Adventist Youth Honors Answer Book/Arts and Crafts/Tie-Dye

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Tie-Dye
Arts and Crafts
North American Division
Skill Level 1 Answer-Keys 06.jpg
Year of Introduction: 2006

1. Know what the best types of materials are for dyeing and how to prepare them for dyeing.[edit]

The best types of material contain at least 80% cellulose. This includes:

  • Cotton
  • Rayon
  • Linen
  • Tencel (Lyocell)

Before tie-dyeing, the material should be washed to remove any sizing (a substance found on new clothing), and then soaked in a bath of soda ash.

2. Know what the purpose of the Soda Ash is and how long the fabric is to soak.[edit]

Submerging the fabric in a solution of soda ash prepares the fibers of the cloth for permanent chemical bonding with the dye used in tie-dyeing. The folded and tied fabric may be submerged in a bath of soda ash solution for 5-30 minutes. Dye is then applied, either by submerging the cloth bundle in a bath of dye or by squirting dyes onto specific areas of the fabric. Alternatively, the soda ash may be added directly to the dye solution rather than soaking the fabric in a solution of soda ash. After 12-48 hours, depending temperature, dye, and the desired brightness of the final product, the fabric can be rinsed and unwrapped.

3. Know the purpose of the Urea that is mixed with the Dye.[edit]

Urea helps to dissolve the dye. It also slows the drying process which allows the dyes to produce vivid colors.

4. What safety equipment should be worn when mixing up the dye for Tie-Dyeing? Why?[edit]

At a minimum, an apron and gloves should be worn. Soda ash is somewhat caustic, so you do not want to get it on your skin or on your clothing. You should be aware that dye will color your skin and clothing as easily as it colors a tee-shirt.

5. Determine what the three primary colors are.[edit]

The three primary colors for dyes are red, blue, and yellow.

6. Verbally describe what primary colors of dye will be needed to make the following secondary colors. Orange, Green, & Purple.[edit]

Orange, green, and purple are called the secondary colors because they are each made by mixing two primary colors. To make Mix this and this

  • Orange = Yellow + Red
  • Green = Blue + Yellow
  • Purple = Red + Blue
Mix this and this To make
Yellow + Red = Orange
Blue + Yellow = Green
Red + Blue = Purple

7. Verbally describe what the outcome will be if two secondary colors are mixed.[edit]

Mixing two secondary colors will produce a shade of brown. This is the same as mixing all three primaries (though it will not be an equal mix of the primaries).

8. Use a Kleenex tissue & colored marker to demonstrate two different types of folds one could do on a T-shirt.[edit]

Fold the tissue using one of the patterns describe below or make up your own pattern. Once the tissue has been folded, color it with a marker. Then unfold it to see the result.

Below is a list of common modern tie-dying folds and patterns.

Bullseye[edit]

Bullseyes involve a central point which is bound, as though poking the fabric with a finger or stick then binding the protrusion every 1-2 inches. Usually different color dyes are applied to each bound section to create rings of color.

Stripes[edit]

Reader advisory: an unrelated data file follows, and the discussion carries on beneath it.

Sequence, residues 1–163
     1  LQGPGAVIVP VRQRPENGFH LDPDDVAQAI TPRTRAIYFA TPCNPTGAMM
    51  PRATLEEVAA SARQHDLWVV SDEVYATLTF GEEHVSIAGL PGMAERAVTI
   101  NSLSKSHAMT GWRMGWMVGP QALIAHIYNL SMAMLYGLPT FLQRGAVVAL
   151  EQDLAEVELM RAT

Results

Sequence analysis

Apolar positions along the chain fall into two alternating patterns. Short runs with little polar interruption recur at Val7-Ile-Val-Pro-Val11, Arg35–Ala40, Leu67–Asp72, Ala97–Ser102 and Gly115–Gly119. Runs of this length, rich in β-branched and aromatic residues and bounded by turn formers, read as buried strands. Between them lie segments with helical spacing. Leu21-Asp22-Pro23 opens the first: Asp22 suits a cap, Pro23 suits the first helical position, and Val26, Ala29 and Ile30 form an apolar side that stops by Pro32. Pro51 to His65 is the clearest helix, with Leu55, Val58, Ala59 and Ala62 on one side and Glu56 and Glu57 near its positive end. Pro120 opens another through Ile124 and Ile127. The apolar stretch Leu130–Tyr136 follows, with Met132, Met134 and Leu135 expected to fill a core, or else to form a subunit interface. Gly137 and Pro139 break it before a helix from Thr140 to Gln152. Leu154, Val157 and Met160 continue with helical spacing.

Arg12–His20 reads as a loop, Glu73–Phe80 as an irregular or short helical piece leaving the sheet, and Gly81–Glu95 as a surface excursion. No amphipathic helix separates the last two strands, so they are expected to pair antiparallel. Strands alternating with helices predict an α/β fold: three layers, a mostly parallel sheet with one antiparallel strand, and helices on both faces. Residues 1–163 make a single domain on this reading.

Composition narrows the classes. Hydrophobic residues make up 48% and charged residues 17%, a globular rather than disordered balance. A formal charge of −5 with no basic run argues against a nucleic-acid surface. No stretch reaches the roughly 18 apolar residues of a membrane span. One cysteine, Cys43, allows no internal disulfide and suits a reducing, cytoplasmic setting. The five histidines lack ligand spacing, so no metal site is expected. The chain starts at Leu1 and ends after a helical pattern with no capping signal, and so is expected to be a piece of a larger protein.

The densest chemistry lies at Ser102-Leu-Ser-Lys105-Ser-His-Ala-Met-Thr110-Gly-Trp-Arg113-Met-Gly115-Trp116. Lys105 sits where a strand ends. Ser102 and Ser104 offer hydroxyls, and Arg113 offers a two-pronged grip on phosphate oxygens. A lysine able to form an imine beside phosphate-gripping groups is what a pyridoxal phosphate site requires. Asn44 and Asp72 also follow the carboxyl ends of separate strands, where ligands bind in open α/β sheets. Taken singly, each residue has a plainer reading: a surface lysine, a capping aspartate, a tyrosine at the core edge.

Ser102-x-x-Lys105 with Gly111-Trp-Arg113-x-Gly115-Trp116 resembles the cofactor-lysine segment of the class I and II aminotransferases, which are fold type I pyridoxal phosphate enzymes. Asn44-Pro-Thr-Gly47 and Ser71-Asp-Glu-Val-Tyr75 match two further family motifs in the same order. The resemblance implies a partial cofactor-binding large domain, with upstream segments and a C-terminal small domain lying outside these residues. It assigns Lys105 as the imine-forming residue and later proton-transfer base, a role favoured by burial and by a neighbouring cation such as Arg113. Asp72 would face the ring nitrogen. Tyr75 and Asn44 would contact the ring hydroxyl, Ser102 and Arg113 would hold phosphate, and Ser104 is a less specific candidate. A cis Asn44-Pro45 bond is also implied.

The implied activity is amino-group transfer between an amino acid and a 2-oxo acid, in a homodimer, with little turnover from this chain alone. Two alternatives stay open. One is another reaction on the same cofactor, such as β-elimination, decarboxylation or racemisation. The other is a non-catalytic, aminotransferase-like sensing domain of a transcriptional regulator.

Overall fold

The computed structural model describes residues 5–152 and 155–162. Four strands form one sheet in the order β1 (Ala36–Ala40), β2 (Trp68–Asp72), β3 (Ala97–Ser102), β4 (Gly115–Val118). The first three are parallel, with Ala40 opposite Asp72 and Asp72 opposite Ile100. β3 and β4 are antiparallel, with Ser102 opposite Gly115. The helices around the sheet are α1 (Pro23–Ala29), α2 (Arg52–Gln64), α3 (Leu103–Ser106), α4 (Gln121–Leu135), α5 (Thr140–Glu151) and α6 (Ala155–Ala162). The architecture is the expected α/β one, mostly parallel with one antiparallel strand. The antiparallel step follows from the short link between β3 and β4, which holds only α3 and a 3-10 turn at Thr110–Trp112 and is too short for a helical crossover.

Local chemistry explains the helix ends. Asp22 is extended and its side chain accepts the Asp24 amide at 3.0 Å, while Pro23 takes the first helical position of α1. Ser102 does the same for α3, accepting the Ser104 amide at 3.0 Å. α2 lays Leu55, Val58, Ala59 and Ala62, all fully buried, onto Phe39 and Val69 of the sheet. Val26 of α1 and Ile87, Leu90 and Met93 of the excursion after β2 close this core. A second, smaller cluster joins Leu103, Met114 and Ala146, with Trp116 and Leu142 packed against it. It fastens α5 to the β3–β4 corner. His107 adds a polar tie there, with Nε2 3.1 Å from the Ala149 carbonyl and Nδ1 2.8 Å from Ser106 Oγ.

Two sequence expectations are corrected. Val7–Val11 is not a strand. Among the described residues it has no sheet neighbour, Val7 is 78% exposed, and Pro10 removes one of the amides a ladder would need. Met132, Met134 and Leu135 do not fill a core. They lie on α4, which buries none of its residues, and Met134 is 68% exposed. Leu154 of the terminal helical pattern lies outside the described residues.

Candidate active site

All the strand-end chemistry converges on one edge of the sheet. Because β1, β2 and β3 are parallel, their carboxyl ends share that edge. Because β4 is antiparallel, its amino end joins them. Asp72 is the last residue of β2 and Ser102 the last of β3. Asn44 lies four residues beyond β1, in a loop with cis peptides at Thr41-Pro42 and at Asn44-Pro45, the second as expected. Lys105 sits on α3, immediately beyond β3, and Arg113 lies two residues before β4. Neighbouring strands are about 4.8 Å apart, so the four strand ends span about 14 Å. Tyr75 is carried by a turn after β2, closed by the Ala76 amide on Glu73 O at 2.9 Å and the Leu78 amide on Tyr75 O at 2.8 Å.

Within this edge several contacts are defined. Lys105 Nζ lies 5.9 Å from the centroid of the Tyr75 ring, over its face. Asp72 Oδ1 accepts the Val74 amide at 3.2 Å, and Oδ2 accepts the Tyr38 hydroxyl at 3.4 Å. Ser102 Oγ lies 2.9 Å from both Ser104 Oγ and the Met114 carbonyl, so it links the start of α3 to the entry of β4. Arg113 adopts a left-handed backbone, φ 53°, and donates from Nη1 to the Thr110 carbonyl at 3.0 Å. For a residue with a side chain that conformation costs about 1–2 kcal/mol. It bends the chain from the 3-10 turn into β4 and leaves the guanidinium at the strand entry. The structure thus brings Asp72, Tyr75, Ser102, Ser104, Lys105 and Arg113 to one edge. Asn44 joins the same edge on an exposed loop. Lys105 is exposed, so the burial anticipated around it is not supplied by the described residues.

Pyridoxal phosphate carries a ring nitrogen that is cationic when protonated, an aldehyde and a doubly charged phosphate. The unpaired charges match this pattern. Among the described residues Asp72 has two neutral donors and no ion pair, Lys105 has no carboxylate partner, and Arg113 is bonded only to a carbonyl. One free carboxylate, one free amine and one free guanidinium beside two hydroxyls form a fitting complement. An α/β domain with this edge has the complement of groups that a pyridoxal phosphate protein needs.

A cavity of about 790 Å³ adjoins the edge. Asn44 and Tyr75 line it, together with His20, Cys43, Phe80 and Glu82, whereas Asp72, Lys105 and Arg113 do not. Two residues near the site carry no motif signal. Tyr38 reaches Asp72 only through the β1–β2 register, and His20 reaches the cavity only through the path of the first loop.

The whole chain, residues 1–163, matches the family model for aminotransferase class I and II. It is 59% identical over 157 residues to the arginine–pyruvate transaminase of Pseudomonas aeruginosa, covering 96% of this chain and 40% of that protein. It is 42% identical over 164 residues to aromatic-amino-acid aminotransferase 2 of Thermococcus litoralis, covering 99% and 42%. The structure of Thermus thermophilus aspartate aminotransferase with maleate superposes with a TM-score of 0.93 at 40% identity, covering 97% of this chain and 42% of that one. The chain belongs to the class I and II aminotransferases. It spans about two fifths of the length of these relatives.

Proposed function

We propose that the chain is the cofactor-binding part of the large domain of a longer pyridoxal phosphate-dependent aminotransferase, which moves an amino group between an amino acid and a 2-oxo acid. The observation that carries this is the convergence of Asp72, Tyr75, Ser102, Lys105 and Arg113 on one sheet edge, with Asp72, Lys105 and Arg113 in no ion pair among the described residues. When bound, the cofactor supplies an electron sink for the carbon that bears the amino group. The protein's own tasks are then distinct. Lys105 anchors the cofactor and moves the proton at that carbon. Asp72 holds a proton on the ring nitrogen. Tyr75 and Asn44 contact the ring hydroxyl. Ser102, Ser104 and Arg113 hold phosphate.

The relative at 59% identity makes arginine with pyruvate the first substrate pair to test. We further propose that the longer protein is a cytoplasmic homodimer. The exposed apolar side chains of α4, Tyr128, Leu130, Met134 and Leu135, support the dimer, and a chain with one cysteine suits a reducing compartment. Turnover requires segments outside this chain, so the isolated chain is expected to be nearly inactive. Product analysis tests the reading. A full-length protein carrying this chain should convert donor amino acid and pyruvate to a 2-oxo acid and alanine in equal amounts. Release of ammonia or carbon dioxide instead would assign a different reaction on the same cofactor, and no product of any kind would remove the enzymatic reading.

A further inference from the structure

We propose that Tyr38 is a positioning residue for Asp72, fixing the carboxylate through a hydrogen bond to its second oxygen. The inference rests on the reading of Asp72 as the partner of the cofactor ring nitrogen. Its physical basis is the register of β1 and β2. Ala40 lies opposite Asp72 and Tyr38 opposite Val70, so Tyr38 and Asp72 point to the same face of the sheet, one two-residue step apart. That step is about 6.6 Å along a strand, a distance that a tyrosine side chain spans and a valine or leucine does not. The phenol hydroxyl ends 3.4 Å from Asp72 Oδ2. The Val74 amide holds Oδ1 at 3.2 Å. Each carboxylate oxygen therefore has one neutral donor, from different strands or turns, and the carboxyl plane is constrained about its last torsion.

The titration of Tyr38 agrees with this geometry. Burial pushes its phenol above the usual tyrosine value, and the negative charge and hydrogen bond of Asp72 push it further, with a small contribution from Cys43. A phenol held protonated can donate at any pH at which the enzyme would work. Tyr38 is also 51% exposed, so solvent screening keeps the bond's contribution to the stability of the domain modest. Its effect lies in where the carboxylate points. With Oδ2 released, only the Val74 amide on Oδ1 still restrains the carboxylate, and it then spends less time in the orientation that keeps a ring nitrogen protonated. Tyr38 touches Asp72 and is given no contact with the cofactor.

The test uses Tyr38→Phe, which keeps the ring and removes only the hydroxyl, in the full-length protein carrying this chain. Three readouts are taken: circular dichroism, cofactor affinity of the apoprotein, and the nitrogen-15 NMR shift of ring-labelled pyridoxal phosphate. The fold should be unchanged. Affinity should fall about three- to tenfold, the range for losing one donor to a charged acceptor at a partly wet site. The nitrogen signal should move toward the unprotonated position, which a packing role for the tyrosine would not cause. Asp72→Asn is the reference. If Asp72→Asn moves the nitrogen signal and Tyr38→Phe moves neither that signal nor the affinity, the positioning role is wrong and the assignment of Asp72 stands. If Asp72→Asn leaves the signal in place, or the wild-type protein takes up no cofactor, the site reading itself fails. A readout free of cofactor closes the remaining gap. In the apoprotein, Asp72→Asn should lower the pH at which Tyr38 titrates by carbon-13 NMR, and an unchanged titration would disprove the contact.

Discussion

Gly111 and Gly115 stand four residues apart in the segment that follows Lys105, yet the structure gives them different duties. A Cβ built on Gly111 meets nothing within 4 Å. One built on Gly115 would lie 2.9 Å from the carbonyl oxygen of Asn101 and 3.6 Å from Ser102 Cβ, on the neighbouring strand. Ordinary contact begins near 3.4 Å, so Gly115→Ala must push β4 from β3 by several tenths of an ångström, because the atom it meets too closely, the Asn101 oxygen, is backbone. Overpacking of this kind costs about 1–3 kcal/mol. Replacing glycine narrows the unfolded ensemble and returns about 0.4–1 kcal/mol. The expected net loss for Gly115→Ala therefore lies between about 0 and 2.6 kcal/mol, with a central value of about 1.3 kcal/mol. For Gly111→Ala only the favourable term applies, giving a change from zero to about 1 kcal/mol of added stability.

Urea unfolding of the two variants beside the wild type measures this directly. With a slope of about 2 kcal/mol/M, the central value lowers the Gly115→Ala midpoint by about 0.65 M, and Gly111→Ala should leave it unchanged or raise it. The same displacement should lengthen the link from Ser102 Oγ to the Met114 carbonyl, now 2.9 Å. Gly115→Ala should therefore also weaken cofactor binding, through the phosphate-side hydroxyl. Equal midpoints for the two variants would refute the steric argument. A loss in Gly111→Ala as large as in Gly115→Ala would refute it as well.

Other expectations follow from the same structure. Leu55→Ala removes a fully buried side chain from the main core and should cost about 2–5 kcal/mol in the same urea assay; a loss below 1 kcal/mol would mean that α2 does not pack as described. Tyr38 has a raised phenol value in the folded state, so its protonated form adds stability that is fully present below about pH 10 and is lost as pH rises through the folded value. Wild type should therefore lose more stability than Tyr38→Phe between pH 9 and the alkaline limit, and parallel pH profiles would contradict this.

Horizontal or vertical stripes are created by pleating the fabric into several small folds, causing the dye to spread laterally. Horizontal pleats make vertical lines, and vertical pleats make horizontal lines.

Spiral[edit]

Spiral patterns involve pleats of fabric arranged in swirls around a central point, bundled into a round bun often resembling a cinnamon bun or a snail's shell. Different wedges of the circular bun are dyed different colors.

V[edit]

The 'V' shape achieved by folding a shirt in half vertically, then a line is drawn diagonally from the shoulder area down to the center fold of the shirt. The fabric is then accordion folded along the line and bound into one or more areas to which the dye is applied.

Random[edit]

This category can hold several different patterns, the majority of which have nothing to do with each other; they can be combinations or they can be as chaotic as bundling the item to be dyed to resemble a plucked chicken.

9. Once you have seen the outcome of the different folds you have created on tissue, fold & dye an item for yourself. Bandana, t-shirt, pillowcase, etc… Always keep in mind, no two items will be identical, nor will they be perfect. Each item will be as unique as the individual who made it.[edit]

Cover your work surface with a large sheet of plastic before beginning. After folding and tying your cloth, soak it in a solution of soda ash for 30 minutes. After removing it from the soda bath, place the item on the plastic sheet and use squirt bottles to spray the dye on to the fabric. Use as many colors as you like, following the color mixing guidelines presented above to achieve the desired effect. You may also submerge the item in a vat of dye.

When you are finished applying the dye, wrap the item in cellophane and let it sit for 24 hours. Then rinse it in cold water until the dye stops running. Wash it in hot water the first couple of times it is laundered, but do not wash it with other clothing, as there is a good chance of ruining them.

10. Wear or bring this item to the next meeting for your club members to see.[edit]

If you are doing this on your own instead of as a club, make sure you clear this with your counselor or director ahead of time. Many clubs award "merit points" for wearing the proper uniform to a club meeting, and you do not want to lose points because you didn't think ahead!

Why not combine this honor with Silk Screen Printing as a creative way for your club to make new field uniforms?

References[edit]